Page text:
Career Planning for the Over Scheduled and Overworked

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Do you have a career plan? Great. Put that one aside and write another. In today’s fast paced world our plans our becoming outdated almost as quickly as we are writing them. We know that tech advancements and changes are pushing us to work and lead in new ways, but what does that mean for career planning? It means that traditional career planning is obsolete.

 

The high paced rate of change means that the job market is shifting even faster than most of us can plan for. The new career reality looks something like this:

 

  • Jobs you “grow out of” in a year or two

  • Job opportunities you were promised that never materialize

  • Layoffs and reorgs that hit you (or close colleagues) out of the blue

  • Business/career development strategies that used to work, now don’t

 

Below are the strategies you can use to weave career planning into your everyday life to better prepare for ongoing change and an unpredictable future.

Make your career search annual

Does it surprise you that the average job tenure is 3.7 years in the private sector? If you’ve been at your job for a few years, it may be time to start your next job search.

 

Why look for a job every year? Although no employer wants to hire someone who’s going to leave in a year, just because you look for a new job doesn’t mean you need to take one, does it? The point is not to change jobs every year, but to plan to be doing work next year that’s different from what you’re doing right now. This can take several forms, including stepping up to new challenges and opportunities next year, positioning yourself for an internal promotion or finding a dream job.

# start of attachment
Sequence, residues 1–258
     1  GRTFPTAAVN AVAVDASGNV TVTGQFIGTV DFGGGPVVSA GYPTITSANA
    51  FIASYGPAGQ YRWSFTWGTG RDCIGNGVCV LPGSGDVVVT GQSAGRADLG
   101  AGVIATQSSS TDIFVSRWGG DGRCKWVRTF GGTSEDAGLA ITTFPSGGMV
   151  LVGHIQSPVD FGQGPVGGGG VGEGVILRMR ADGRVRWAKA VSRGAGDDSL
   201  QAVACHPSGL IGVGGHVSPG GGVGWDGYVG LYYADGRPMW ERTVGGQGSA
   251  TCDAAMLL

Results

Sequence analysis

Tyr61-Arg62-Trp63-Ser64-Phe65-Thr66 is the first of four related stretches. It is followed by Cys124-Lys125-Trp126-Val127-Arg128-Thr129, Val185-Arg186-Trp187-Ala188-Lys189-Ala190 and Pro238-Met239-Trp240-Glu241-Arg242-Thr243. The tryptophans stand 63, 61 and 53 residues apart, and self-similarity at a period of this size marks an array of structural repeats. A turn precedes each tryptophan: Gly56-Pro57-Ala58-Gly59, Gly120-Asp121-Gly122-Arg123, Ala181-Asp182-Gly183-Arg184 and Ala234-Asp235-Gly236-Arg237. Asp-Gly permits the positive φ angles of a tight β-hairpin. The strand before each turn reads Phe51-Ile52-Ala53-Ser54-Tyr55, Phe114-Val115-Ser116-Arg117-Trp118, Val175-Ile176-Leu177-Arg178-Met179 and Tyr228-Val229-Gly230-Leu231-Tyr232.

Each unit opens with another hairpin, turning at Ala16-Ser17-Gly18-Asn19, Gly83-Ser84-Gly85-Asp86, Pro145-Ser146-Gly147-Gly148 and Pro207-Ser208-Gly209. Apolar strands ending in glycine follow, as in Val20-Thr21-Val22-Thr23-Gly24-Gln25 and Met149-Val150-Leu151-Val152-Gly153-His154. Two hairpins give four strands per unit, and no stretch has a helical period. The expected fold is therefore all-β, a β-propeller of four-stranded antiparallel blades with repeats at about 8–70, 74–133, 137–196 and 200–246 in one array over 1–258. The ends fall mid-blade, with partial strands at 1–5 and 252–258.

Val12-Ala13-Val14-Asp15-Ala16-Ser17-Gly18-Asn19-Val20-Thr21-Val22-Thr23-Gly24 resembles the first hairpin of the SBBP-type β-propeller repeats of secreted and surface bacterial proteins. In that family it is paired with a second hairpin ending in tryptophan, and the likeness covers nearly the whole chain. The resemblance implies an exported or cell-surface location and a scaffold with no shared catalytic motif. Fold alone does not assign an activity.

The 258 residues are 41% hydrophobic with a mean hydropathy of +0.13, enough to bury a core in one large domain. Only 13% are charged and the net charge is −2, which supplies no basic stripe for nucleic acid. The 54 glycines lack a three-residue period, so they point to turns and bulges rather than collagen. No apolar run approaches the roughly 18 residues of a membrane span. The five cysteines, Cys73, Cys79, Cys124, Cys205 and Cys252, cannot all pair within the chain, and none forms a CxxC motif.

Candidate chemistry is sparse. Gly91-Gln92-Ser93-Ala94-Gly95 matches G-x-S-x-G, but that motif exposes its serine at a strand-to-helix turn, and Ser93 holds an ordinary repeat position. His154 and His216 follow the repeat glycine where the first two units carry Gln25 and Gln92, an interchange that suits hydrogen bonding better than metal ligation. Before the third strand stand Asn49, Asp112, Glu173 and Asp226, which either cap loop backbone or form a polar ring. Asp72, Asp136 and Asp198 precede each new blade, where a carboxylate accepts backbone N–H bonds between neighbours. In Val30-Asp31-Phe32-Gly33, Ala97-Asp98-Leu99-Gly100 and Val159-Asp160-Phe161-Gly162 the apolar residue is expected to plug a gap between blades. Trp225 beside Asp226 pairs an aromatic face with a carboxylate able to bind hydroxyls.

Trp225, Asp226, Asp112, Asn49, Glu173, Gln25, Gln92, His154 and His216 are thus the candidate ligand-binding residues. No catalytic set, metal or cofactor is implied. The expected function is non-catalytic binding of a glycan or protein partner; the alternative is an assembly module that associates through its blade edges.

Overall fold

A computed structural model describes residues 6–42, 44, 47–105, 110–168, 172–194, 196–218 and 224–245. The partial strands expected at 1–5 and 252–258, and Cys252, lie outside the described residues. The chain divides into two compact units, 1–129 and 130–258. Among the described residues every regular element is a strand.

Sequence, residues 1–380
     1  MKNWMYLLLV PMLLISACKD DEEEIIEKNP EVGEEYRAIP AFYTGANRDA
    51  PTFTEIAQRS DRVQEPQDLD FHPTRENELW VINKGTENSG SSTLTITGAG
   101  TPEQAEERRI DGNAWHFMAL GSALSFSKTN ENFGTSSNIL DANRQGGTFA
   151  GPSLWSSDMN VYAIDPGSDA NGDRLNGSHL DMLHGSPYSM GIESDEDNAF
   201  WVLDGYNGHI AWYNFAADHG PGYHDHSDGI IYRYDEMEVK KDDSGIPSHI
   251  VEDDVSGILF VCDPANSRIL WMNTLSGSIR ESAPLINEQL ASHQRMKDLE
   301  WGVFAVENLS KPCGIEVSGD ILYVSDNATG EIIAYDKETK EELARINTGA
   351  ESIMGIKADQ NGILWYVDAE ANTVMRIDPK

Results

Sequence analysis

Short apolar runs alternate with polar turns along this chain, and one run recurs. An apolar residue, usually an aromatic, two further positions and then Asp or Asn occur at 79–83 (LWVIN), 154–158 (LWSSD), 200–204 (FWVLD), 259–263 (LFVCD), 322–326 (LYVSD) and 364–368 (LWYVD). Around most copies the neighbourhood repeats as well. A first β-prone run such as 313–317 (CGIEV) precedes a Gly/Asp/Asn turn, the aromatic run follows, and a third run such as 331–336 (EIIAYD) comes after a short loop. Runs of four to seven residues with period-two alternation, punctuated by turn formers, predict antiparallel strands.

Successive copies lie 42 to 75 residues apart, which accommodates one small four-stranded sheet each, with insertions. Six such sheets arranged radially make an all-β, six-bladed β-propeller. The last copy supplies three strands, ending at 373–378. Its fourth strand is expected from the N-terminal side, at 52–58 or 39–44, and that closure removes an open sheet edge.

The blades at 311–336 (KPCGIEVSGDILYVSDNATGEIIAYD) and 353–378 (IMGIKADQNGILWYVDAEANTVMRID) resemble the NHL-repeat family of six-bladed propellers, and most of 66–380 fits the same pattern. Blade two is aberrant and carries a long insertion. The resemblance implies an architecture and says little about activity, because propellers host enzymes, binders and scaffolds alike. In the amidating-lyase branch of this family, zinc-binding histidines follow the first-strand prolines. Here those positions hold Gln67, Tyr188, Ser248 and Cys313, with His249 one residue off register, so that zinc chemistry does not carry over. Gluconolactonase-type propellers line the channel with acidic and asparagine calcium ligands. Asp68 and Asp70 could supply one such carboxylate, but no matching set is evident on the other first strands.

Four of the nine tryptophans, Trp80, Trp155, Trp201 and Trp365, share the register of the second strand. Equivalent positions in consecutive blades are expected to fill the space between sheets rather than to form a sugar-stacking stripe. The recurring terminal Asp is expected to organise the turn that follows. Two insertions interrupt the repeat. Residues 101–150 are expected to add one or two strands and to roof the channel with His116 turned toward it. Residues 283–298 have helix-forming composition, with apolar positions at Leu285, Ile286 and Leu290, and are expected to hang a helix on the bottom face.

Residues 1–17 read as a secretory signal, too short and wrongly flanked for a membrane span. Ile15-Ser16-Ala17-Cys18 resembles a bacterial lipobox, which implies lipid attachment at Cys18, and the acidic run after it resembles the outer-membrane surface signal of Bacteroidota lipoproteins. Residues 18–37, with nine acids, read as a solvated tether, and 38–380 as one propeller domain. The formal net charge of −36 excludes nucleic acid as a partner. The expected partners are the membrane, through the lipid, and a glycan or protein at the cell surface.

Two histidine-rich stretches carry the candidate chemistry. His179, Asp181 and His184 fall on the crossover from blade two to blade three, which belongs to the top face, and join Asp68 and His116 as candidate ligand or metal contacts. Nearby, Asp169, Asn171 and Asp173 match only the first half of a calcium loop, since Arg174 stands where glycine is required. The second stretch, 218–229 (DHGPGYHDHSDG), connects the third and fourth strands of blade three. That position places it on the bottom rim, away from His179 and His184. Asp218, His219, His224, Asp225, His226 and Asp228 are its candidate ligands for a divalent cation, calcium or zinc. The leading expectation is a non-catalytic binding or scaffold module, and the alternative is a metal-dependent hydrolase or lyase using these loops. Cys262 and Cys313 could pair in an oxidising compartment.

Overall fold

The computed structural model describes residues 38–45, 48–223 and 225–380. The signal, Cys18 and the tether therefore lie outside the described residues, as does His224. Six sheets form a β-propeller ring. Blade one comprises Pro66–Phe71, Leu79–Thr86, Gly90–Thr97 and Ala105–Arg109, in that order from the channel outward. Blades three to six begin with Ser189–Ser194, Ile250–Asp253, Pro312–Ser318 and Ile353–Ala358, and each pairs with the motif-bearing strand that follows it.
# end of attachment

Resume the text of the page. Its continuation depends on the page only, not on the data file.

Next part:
When you take on the challenge of always planning to be in a “new” job next year, your planning horizon moves closer. You’ll pay more attention to what results you can produce in the short term (and how it positions you for something new). You’ll start paying more attention to what skills and experience employers are seeking for the jobs you want to be doing next year, which helps you seek training opportunities and new experiences. It makes your networking more goal-directed and relevant to both your current job and the job you think you want next year (networking can help you focus on exactly what you do want to be doing in the future.)

 

You can do all these things whether you change jobs next year or not. This practice will keep you sharp and aware of what makes you competitive in the employment market, and thanks to the Internet, staying abreast of employment opportunities has never been easier!

Know what your vision of success is and share that with your boss

Putting your head down and doing a good job is always a good thing, and it used to be a decent career strategy. People who produce good results create more opportunities for themselves, right? Sure. Sometimes. But when doing the work blinds you to trends and changes that may affect your job or career, it’s not a good thing at all. It can make you complacent in your current skill set, for example, and distract you from developing new skills in your current job.